The second Ardler Inventor Day is less than two weeks away, on August 27th at the Ardler Complex. Next time, we’ll be developing some of the ideas further and beginning to play around with some technology. If you live in Ardler, if you’re involved in the Ardler community somehow, or if you’re a maker or creative from anywhere in Dundee, get in touch if you’d like to join us for the next event, and see what can create together!

Launching: Hacking for Situated Civic Engagement

Hacking Logo SmallIn November, we kicked off Hacking for Situated Civic Engagement, a project funded by EPSRC to explore how hackathons can be used to design civic technologies with communities. Over the course of the project, we’ll be running a series of hackathons with the Ardler community in Dundee to identify and attempt to address some local issues with civic technologies. As the project gets under way, I wanted to explain a bit about the motivations for doing it.

Leaving the Wild

My research has always been about long-term engagement with people to develop technologies that support their local community. In Wray, we worked with a rural community over four or five years to iteratively develop digital noticeboards, while Bespoke used citizen journalism to inspire the design of unique technologies in an area of Preston. The goal is to build cool stuff that responds to particular local needs, and which hopefully has some real and sustainable effect on the community.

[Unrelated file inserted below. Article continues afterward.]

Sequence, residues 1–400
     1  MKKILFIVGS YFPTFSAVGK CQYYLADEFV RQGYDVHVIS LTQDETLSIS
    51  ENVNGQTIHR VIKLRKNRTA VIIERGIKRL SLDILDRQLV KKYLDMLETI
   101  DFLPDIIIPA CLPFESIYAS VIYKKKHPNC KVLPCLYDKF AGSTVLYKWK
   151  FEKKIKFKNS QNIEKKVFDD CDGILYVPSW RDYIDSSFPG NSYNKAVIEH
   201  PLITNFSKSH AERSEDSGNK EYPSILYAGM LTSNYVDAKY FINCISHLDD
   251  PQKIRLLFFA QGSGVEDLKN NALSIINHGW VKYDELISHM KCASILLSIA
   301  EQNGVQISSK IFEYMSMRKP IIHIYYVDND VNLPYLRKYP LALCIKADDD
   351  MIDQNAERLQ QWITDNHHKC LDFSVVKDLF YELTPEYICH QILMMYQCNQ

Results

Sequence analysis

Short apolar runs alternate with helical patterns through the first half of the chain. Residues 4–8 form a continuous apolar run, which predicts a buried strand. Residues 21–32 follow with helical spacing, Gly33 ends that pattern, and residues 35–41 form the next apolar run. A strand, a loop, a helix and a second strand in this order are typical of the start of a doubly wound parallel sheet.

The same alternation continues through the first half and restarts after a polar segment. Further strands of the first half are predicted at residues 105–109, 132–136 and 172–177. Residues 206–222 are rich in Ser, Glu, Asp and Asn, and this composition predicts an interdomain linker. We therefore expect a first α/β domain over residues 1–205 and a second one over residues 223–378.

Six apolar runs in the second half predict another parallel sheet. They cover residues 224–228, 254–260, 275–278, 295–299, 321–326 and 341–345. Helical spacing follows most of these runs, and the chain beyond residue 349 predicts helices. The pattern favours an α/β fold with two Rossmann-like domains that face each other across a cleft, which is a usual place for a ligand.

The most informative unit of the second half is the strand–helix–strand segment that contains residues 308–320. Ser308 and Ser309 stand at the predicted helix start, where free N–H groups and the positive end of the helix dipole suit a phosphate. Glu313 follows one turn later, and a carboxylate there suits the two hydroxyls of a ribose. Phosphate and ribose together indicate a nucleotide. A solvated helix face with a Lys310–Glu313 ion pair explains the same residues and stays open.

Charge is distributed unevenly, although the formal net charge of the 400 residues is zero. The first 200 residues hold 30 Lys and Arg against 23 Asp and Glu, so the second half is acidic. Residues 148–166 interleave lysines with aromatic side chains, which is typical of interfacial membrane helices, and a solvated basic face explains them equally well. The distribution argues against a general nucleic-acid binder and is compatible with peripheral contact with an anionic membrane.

But as these projects drew to a close, a recurring theme began to emerge: handing over the technology to the community at the end was pretty difficult. In Wray, we’d always said they could keep the displays at the end, but we hadn’t counted on hardware failures immediately afterwards. Bespoke had likewise planned to hand things over when we finished, but ultimately failed to do so. I wrote a paper about it—Leaving the Wild—suggesting some steps we could take to minimise the difficulties.

Top Down vs Grassroots

ViewpointMore recently, my research has drifted towards civic engagement and activism, aiming to get people more involved in how their communities are run. On Bespoke, we developed Viewpoint, a device that collected feedback from the community by posting questions in public spaces like shops and community centres.